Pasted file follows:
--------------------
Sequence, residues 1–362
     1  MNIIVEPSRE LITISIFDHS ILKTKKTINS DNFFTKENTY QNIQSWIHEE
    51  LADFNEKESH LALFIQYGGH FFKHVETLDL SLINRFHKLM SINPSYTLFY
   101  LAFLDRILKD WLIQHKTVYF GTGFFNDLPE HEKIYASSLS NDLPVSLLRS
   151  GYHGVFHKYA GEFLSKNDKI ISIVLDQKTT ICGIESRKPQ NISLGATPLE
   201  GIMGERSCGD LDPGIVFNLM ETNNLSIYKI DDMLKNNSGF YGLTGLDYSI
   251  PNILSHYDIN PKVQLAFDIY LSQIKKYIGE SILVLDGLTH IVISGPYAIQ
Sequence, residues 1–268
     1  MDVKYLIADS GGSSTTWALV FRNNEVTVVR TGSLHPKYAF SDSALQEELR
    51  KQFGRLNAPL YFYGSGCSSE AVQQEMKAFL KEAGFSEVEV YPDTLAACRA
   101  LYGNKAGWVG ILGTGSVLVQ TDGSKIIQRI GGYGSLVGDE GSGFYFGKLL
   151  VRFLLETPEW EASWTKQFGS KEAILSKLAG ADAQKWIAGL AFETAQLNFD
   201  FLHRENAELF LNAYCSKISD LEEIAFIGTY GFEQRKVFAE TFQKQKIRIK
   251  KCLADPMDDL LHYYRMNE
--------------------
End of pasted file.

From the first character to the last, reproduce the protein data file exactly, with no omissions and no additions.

Sequence, residues 1–362
     1  MNIIVEPSRE LITISIFDHS ILKTKKTINS DNFFTKENTY QNIQSWIHEE
    51  LADFNEKESH LALFIQYGGH FFKHVETLDL SLINRFHKLM SINPSYTLFY
   101  LAFLDRILKD WLIQHKTVYF GTGFFNDLPE HEKIYASSLS NDLPVSLLRS
   151  GYHGVFHKYA GEFLSKNDKI ISIVLDQKTT ICGIESRKPQ NISLGATPLE
   201  GIMGERSCGD LDPGIVFNLM ETNNLSIYKI DDMLKNNSGF YGLTGLDYSI
   251  PNILSHYDIN PKVQLAFDIY LSQIKKYIGE SILVLDGLTH IVISGPYAIQ
Sequence, residues 1–268
     1  MDVKYLIADS GGSSTTWALV FRNNEVTVVR TGSLHPKYAF SDSALQEELR
    51  KQFGRLNAPL YFYGSGCSSE AVQQEMKAFL KEAGFSEVEV YPDTLAACRA
   101  LYGNKAGWVG ILGTGSVLVQ TDGSKIIQRI GGYGSLVGDE GSGFYFGKLL
   151  VRFLLETPEW EASWTKQFGS KEAILSKLAG ADAQKWIAGL AFETAQLNFD
   201  FLHRENAELF LNAYCSKISD LEEIAFIGTY GFEQRKVFAE TFQKQKIRIK
   251  KCLADPMDDL LHYYRMNE